skills, intellectual functioning, physical activity, sense of humor, communication, and compliance with
medication. Tr. 697-710.
In June 2008, Plaintiff began seeing Dr. Witherington once every two weeks. It appears that her
condition did improve some between June 2008 and October 2008, however, anxiety, irritability,
nightmares, and difficulty sleeping remained persistent. Tr. 688-696, 711. And, Dr. Witherington
continued to assess Plaintiff with a GAF in the 40s, the highest being 49 in September 2008. We note
that a GAF score between 41 and 50 is indicative of serious symptoms or a serious impairment in social,
occupational, or school functioning.
See DIAGNOSTIC AND STATISTICAL MANUAL OF MENTAL
DISORDERS IV-TR 34 (4th ed. 2000).
On November 7, 2008, Amber Waite, Plaintiff’s counselor at Perspectives, completed a medical
source statement. Tr. 755-756. She indicated that Plaintiff’s ability to work with or near others without
being distracted by them and travel in unfamiliar places or use public transportation was poor. Further,
her ability to understand, carry out, and remember detailed instructions; maintain attention and
concentration for extended periods; perform activity within a schedule, maintain regular attendance, and
be punctual; sustain an ordinary routine without special supervision; make simple work-related decisions,
complete a normal workday and workweek; perform at a consistent pace; interact appropriately with the
public; ask simple questions or request assistance; and, set realistic goals or make plans independently
of others was only fair. Ms. Waite noted that Plaintiff’s current diagnoses were bipolar disorder, anxiety
disorder, PTSD, and a learning disorder. Tr. 755-756.
The ALJ dismissed Ms. Waite’s assessment because it was “not clear what is meant by the term
‘most of the time’ with regard to good ability or by the term ‘some of the time’ with regard to fair
ability.” Tr. 17. Noting that the form Ms. Waite used to indicate Plaintiff’s abilities is the standard
medical source statement filed in most cases, if the ALJ had a question concerning the definition of the
terms “most” and “some”, we believe the ALJ had a duty to recontact Ms. Waite to further develop the
record in this regard.
The ALJ also relies heavily on the fact that Plaintiff denied experiencing depression, racing
thoughts, rapid mood swings, hallucinations, or suicidal thoughts beginning in August 2008 and ignores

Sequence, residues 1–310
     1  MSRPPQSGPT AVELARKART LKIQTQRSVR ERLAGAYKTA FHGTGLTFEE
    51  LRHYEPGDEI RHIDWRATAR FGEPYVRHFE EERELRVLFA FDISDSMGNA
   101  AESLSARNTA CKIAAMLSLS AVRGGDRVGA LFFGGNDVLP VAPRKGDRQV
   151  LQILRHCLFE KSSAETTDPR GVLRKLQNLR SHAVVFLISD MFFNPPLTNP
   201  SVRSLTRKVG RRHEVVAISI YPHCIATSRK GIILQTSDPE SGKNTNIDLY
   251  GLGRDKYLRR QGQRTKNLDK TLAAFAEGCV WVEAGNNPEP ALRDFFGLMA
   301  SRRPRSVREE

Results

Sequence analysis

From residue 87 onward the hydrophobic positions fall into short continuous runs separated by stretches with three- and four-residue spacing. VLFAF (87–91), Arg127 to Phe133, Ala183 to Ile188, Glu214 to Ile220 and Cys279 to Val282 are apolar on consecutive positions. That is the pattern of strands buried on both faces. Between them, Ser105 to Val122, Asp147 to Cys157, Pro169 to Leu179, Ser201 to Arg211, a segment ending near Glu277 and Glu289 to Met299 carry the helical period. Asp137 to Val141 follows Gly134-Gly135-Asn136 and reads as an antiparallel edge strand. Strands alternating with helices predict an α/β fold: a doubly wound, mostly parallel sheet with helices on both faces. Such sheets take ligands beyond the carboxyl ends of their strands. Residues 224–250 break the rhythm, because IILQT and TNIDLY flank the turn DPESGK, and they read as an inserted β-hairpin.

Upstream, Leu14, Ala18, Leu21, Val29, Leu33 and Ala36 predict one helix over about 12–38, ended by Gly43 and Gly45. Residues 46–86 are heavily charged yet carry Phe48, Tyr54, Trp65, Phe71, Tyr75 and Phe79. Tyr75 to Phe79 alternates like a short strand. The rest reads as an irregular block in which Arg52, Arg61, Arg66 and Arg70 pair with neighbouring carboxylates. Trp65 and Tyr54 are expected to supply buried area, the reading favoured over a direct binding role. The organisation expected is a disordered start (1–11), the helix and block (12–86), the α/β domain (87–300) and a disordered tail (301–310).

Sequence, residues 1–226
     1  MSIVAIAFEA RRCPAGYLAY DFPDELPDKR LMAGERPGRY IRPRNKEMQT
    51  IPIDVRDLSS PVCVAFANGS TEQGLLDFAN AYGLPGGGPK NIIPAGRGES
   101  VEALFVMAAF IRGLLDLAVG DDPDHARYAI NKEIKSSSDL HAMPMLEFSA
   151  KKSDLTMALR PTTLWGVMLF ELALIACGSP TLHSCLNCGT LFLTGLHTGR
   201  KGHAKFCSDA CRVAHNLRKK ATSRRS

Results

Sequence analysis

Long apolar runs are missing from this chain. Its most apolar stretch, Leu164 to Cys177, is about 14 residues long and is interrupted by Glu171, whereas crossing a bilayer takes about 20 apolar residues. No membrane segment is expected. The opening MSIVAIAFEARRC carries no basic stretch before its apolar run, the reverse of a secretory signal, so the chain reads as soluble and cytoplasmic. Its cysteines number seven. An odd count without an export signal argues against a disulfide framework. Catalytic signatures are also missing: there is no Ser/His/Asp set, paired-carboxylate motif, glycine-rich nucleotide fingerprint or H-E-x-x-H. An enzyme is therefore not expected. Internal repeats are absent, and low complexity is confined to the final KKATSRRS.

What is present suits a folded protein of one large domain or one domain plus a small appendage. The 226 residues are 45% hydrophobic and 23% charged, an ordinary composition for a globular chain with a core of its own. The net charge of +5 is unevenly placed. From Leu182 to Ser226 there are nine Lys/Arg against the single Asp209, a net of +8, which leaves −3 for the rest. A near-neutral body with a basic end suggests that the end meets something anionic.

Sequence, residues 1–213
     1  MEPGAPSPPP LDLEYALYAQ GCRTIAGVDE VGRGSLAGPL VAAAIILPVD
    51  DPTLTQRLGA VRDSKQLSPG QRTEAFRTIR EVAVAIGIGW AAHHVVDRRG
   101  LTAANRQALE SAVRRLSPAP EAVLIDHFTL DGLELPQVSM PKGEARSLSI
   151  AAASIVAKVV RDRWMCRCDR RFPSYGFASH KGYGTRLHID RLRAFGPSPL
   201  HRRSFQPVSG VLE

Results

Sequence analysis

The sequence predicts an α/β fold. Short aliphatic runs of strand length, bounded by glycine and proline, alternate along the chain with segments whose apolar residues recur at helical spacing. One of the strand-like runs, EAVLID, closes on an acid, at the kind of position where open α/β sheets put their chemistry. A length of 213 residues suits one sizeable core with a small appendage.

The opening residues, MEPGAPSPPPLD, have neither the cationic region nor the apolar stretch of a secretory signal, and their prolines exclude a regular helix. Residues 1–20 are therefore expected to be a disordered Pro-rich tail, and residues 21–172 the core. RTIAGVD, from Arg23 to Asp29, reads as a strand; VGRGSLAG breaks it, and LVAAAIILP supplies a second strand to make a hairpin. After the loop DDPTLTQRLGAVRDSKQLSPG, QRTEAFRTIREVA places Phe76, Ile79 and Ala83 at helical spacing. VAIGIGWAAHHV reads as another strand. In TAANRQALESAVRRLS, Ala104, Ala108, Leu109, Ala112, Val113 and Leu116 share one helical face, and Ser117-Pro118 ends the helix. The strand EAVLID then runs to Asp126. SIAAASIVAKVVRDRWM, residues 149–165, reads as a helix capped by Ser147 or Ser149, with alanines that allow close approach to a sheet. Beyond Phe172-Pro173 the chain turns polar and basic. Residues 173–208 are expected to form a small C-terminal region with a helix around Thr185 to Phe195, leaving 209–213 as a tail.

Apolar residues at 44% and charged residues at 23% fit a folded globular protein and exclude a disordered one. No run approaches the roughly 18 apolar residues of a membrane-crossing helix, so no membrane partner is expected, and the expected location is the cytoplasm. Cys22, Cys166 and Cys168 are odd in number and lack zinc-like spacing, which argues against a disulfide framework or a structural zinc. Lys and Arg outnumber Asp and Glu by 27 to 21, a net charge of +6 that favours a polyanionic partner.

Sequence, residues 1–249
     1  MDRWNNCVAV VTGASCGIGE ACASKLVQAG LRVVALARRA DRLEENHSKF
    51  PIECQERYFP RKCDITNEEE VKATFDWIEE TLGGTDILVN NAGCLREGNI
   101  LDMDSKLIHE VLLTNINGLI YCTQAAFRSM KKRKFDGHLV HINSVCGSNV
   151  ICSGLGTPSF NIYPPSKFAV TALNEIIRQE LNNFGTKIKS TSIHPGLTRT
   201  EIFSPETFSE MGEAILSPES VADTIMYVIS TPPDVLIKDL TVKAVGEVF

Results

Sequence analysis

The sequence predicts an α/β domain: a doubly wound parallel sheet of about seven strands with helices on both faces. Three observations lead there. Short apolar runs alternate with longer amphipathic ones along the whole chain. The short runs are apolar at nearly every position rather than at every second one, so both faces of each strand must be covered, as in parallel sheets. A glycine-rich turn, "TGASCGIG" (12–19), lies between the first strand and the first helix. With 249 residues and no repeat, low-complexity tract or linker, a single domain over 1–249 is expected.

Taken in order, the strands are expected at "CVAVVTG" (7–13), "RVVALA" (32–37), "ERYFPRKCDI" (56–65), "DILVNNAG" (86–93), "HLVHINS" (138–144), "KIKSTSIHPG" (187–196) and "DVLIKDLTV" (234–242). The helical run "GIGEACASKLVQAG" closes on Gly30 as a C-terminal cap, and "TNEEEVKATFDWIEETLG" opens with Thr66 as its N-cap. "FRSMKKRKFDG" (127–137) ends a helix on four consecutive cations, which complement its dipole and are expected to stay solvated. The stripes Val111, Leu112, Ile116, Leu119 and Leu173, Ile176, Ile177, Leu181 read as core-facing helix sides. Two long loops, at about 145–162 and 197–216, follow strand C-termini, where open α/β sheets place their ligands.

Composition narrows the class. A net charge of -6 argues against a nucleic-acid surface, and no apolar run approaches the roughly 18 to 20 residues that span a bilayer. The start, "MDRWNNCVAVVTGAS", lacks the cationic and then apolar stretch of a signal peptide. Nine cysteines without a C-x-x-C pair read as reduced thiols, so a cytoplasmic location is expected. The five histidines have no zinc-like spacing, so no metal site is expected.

the GAF scores assigned by Dr. Witherington. However, in so doing, she failed to note that Plaintiff
continued to report experience anxiety, irritability, and nightmares related to her PTSD. Thus, given the
GAF ratings imposed by Dr. Witherington and assessment findings of Ms. Waite, the ALJ was arguably
on notice of the need to clarify Plaintiff’s mental RFC with her treating psychiatrist and therapist. See
Smith v. Barnhart, 435 F.3d 926, 930 (8th Cir. 2006) (social security hearing is non-adversarial
proceeding, and ALJ has duty to develop record fully; duty may include seeking clarification from
treating physicians if crucial issue is undeveloped or underdeveloped); Garza v. Barnhart, 397 F.3d
1087, 1089-90 (8th Cir. 2005) (per curiam) (ALJ’s duty to develop record fully and fairly exists even
when claimant is represented by counsel). Accordingly, remand is necessary.
On remand, the ALJ should recontact Dr. Witherington and Ms. Waite and ask them to complete
mental RFC assessments. If additional questions should surface regarding their assessments, the ALJ
is directed to address those issues with the mental health professionals prior to rendering a new decision.
Accordingly, we conclude that the ALJ’s decision is not supported by substantial evidence and
should be reversed and remanded to the Commissioner for further consideration pursuant to sentence
four of 42 U.S.C. § 405(g).
DATED this 2nd day of February 2012.
HON. JAMES R. MARSCHEWSKI
CHIEF UNITED STATES MAGISTRATE JUDGE
Disclaimer: Justia Dockets & Filings provides public litigation records from the federal appellate and district courts. These filings and docket sheets should not be considered findings of fact or liability, nor do they necessarily reflect the view of Justia.
Why Is My Information Online?